Marijuana-related jobs are becoming harder to find in Colorado. You’ve likely seen headlines claiming that Colorado marijuana sales are dropping. Alongside this, the state’s cannabis workforce has also fallen by 28 percent according to a recent report.
This is a first for the Centennial State, which legalized adult-use cannabis sales back in 2014. While such trends are being seen across the country, reports show that Colorado has been hit the hardest.
Between February 2022 and February of this year, cannabis business owners cut nearly 10,500 jobs within the state—bringing the state down to a total of 27,856 workers. Compare that to the industry employment rates of other states:
- California – 85,593
- Florida – 29,011
- Illinois – 29,925
- Massachusetts – 28,370
- Michigan – 35,405
It comes as no surprise that a state like California has surpassed Colorado simply due to its size. However, in comparison to a state like Florida (which only offers medicinal marijuana), this is a surprise
Colorado’s employment decline parallels that of its drop in wholesale cannabis prices: Currently, prices are down 61 percent in comparison to 2021.
“I’m not surprised,” Truman Bradley, executive director of Marijuana Industry Group, told Westword. “The industry has gone through a 20-month downturn with no end in sight. Sales are down over 20% on the recreational side and over 45% on the medical side this year.”
According to the Colorado Department of Revenue, the state recorded $129.4 million in its first month of sales. This is down 15% from the $151.1 million sold in January 2022. And more than 30% down from January 2021.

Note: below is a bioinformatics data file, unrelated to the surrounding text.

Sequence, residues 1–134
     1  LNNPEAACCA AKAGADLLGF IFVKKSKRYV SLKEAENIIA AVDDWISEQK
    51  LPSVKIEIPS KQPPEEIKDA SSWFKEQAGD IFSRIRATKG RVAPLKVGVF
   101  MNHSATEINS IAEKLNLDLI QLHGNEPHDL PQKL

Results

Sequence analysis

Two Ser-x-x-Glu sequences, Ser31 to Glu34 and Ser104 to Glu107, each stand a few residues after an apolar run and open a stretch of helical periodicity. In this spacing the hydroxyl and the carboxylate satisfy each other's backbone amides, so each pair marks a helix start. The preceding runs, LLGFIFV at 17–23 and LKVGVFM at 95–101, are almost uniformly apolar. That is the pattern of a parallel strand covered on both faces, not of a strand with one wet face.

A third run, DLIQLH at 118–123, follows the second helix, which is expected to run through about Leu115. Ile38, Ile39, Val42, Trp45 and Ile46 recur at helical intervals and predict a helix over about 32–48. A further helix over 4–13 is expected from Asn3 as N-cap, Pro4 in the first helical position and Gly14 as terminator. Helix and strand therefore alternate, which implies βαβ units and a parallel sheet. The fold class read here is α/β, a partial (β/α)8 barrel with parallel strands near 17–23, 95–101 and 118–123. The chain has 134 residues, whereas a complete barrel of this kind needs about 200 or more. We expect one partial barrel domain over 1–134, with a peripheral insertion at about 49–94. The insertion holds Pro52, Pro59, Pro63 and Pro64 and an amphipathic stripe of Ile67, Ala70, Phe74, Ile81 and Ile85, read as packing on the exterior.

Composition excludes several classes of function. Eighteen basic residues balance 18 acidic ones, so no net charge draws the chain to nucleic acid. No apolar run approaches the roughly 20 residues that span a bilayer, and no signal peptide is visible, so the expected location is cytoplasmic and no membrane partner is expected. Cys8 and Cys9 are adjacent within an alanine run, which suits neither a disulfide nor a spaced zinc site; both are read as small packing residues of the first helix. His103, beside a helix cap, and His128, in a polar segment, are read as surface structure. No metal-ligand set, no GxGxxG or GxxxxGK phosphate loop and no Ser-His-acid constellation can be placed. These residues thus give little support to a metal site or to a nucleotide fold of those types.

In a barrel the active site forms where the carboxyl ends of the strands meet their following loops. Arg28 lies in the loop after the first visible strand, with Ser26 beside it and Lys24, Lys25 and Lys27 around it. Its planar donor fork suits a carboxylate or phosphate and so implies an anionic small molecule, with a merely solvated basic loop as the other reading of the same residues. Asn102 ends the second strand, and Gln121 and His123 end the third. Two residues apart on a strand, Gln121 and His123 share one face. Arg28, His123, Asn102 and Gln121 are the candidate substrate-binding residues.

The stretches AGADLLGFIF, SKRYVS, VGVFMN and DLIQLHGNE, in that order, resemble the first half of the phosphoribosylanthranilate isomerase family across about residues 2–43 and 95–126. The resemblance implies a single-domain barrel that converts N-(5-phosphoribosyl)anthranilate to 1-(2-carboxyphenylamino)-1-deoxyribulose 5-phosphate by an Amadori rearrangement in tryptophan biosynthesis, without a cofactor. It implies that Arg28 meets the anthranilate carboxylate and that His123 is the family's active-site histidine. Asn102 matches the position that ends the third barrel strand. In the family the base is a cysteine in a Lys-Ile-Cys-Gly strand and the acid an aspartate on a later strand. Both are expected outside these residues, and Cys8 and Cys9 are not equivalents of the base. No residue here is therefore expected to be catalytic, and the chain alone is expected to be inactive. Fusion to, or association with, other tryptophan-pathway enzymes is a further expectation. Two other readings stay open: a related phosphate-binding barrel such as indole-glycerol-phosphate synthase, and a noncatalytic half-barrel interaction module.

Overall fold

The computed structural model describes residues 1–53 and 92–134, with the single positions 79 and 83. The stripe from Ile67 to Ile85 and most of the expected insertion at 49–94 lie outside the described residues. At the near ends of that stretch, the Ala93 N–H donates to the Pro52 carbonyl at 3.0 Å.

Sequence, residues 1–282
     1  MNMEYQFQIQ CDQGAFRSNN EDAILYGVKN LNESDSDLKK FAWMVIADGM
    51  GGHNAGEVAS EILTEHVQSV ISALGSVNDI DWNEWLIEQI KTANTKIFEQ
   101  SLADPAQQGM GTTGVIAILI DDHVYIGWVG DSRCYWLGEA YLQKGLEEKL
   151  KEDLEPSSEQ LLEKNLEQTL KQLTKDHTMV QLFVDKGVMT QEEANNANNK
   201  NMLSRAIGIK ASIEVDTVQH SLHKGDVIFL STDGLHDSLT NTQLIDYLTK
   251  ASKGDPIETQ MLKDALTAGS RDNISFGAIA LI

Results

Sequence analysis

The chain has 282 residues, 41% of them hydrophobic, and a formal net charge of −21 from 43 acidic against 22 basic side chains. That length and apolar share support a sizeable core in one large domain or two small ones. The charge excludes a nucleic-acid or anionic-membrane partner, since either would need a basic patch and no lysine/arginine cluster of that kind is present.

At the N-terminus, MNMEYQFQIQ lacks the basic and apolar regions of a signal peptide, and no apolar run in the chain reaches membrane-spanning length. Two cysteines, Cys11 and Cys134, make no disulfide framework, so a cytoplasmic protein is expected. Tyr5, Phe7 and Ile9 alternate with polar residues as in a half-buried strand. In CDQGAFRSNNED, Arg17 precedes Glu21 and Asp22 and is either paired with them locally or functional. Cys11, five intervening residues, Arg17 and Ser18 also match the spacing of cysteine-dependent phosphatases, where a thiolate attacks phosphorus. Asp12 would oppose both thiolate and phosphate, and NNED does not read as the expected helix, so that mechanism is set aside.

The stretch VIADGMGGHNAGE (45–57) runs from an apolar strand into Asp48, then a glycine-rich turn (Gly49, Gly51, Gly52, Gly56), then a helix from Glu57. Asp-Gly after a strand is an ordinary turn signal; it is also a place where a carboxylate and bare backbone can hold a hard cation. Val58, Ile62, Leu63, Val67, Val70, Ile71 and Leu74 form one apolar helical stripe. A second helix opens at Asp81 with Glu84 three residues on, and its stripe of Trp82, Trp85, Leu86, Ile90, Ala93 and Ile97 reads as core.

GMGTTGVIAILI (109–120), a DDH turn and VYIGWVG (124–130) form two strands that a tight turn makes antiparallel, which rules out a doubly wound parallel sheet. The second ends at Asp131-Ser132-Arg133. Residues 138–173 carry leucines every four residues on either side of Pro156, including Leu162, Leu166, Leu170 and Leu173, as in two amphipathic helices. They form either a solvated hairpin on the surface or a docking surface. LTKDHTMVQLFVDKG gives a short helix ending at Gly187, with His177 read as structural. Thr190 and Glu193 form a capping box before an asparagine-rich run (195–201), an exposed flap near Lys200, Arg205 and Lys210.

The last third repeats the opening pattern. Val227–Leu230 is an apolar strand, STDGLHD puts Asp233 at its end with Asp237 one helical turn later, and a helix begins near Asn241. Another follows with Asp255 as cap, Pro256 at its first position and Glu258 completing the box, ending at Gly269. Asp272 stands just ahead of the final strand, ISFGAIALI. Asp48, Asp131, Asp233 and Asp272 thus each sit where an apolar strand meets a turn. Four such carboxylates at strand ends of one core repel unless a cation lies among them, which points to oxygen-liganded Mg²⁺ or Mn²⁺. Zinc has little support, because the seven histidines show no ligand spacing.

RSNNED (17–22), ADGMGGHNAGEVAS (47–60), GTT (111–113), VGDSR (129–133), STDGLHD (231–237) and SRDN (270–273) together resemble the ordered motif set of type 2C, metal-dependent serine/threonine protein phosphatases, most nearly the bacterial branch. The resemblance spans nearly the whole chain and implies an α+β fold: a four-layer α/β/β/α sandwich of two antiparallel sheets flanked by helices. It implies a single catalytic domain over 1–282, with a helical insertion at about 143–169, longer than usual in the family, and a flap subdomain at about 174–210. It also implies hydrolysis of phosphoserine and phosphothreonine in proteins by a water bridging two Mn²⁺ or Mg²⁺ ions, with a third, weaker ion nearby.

This loss in sales is affecting the industry as a whole. With accountants, software providers, and other business services all cutting staff. Not to mention, state and tax revenues are also declining.
“The economic impact of the Colorado cannabis industry is real, and unfortunately, we’re seeing that a contraction also has ripple effects,” Bradley noted.
Employment Cuts Being a Result of Legalization, Economic Inflation, and COVID-19
While times are tough for Colorado’s cannabis industry, some economic forecasts are optimistic. The Governor’s Office of State Planning and Budgeting predicts marijuana tax revenue will grow 16% in 2024.
Still, these employment cuts are simply a reminder of the continuing struggles the country faces from the public health crisis of 2020.
“COVID changed a lot of things in cannabis and other industries,” Bradley said. “After a big shock like that, it’s hard to know what the world would’ve been like without that shock. We went through the best year we’ve ever had, immediately followed by a downturn. It’s not just that other states have legalized. We’re also dealing with high inflation that we haven’t seen since cannabis has been legal.”
With that in mind, it’s difficult to assume what direction Colorado should take its industry. Bradley believes there are “long-term concerns” with the current 15% excise tax on wholesale marijuana.
Colorado remains only one of three states that charges an excise tax on wholesale cannabis transfers. Such a decision was approved by voters when Coloradans initially legalized it in 2012.
“When Colorado voted for the various tax plans in place now, in some cases, we were the only legal marketplace to buy cannabis for almost one thousand miles,” Bradley said. “That’s not the case anymore, so decade number two needs to look different than decade number one if the Colorado cannabis industry is going to stick around.”
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